That Friday morning, we all prayed hard for sun and blue skies. After the drenching of yesterday, still vivid and sharp, we wanted nothing more to do with rain. And as though the echo of our collective pleas reverberated throughout the divine plane, the roiling clouds started to ease. As a result, we hurried to board our designated motorboats.
We soon found out that the sea was not in a joking mood that day. Not long after we sailed from San Vicente Port, the languid water came alive with a violent jolt. Our wooden vessels lurched and reeled as a barrage of sizeable waves came hurling our way. In the beginning, my all-woman company (not accounting for the boatmen) was ridiculously cheerful. We had taken to reciting a rather infamous beauty pageant Q-and-A response every time there was a particularly massive wave. But this did not last long. After mascaras were smeared and gadgets were doused, we grew pensive, with only a subdued yelp from time to time. I was neither scared, though, nor queasy. The turbulent sea I’ve endured during a trip to Itbayat in Batanes had prepared me for any tempestuous voyages that came after. After that terrible ride, everything was basically smooth sailing for me. The alien landscape helped too. Despite the vicious pitching of our boat, the verdant headlands that we seemed to trace did not lose its allure. Sculpted by the meticulous hands of the same elements that were presently challenging us, the land masses were both haphazard and just right. Occasionally, what looked like waterfalls would run across the hewn precipices. Their definite solidness assured us, I think; helped us through the ordeal. If there was anything that made my heart flutter a little, it was seeing the members of our fleet slide in and out of the swells.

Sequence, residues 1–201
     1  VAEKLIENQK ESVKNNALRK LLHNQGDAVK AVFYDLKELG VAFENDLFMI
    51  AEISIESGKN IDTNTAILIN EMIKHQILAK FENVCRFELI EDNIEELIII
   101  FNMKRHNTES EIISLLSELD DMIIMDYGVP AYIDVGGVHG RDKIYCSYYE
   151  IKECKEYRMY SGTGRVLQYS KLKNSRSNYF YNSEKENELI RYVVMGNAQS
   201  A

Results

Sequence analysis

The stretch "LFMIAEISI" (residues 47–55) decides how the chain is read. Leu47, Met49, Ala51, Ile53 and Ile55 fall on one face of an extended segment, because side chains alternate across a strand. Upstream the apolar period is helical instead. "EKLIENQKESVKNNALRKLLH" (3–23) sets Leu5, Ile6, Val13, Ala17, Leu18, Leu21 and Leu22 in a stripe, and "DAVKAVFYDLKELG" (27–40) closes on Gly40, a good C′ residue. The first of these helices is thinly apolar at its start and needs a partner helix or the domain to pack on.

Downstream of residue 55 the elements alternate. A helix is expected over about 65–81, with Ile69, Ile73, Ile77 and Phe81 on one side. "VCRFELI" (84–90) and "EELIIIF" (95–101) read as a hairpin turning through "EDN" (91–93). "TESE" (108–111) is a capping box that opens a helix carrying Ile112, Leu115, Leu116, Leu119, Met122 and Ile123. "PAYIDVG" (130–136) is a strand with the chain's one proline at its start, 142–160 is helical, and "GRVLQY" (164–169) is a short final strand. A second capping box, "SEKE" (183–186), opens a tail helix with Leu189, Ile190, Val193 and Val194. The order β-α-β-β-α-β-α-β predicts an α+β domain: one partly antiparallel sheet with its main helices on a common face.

After an hour, a candy-cane shaped strip of land materialized in the horizon. Anguib Beach. The waters relaxed as we neared the tree-lined coast. Jelly legs we might’ve been, but we ran to the sandy shore and thanked heavens for terra firma. We had our breakfast here, under a length of thatched cottage. The steaming macaroni soup was perfect to warm our bones.
Later, we hopped on our boats for another round of sea-travel. This time, though, we passed through still waters and clumps of mangroves. We glided parallel to the reef where, beyond, the waters turned violent again. Shortly, we docked in another white-sand beach. Punta Verde, it was called, and here we had our seafood fiesta. Prepared by the generous and masterful people behind Jaja Restaurant, our lunch was the bounty of the sea. Heaps of lobsters and shrimps filled the tables. There were fish, seaweed, and adobo too. Judging from the plates of my companions, the arduous journey did nothing to spoil their appetites.
Still massaging our stuffed bellies, we were warned of the dangers of proceeding to our next destination. Fortunately, the honorable coast guards guaranteed it was fine. And it wasn’t like we were going to let the matter rest just like that. We wanted Palaui so bad, the Universe was rearranging its stars to make it happen.
Palaui Island lies on the northeastern tip of the Cagayan Valley. It’s one of those handful of places that are hailed as a next-best-thing-to-Batanes. With its stretch of radioactive green fields and dramatic drops, Palaui does come pretty close.
That Friday in early March, we went to a short trek up Cape Engaño. After a going through a path that affords an incredible panorama of the island, a stone structure came into our view as we reached the top. It was a lighthouse. Built during the Spanish Colonial period, Faro de Cabo Engaño towers over the limitlessness of the Pacific Ocean. To its north, the islands of Babuyan and Dos Hermanas can be seen. Suffice it to say, the view from here is simply breathtaking.
Cape Engaño was a most fitting Swan Song to Lakbay Norte 6. On the rim of this blessed island, the ocean extending away, the world seemed to tell us, “There’s more”. And after six days of discovering the treasures of the North, there is, indeed, so much more to uncover.
How to Get There
From Manila, Victory Liner buses have daily trips going to Tuguegarao City in Cagayan (12 to 14 hours). Once in Tuguegarao, there are buses and vans that will take you to the Sta. Ana Commercial Center where you can stock up on supplies. Then, take either a tricycle or a quadcycle to San Vicente Port – the jump-off to Palaui Island.
To tour you around the many islands and coves in the area, get in touch with the SAMOBA (Sta. Ana Motorize Boat Association). Details below.
Sta. Ana Motorize Boat Association
+63 935 383 9878 / +63 926 188 0213 / +63 935 130 6745
For bus schedules visit www.victoryliner.com
My name is Celine, forever 18, thrill-seeker, tree-hugger, moon-worshipper, tea-chugger, and storyteller extraordinaire!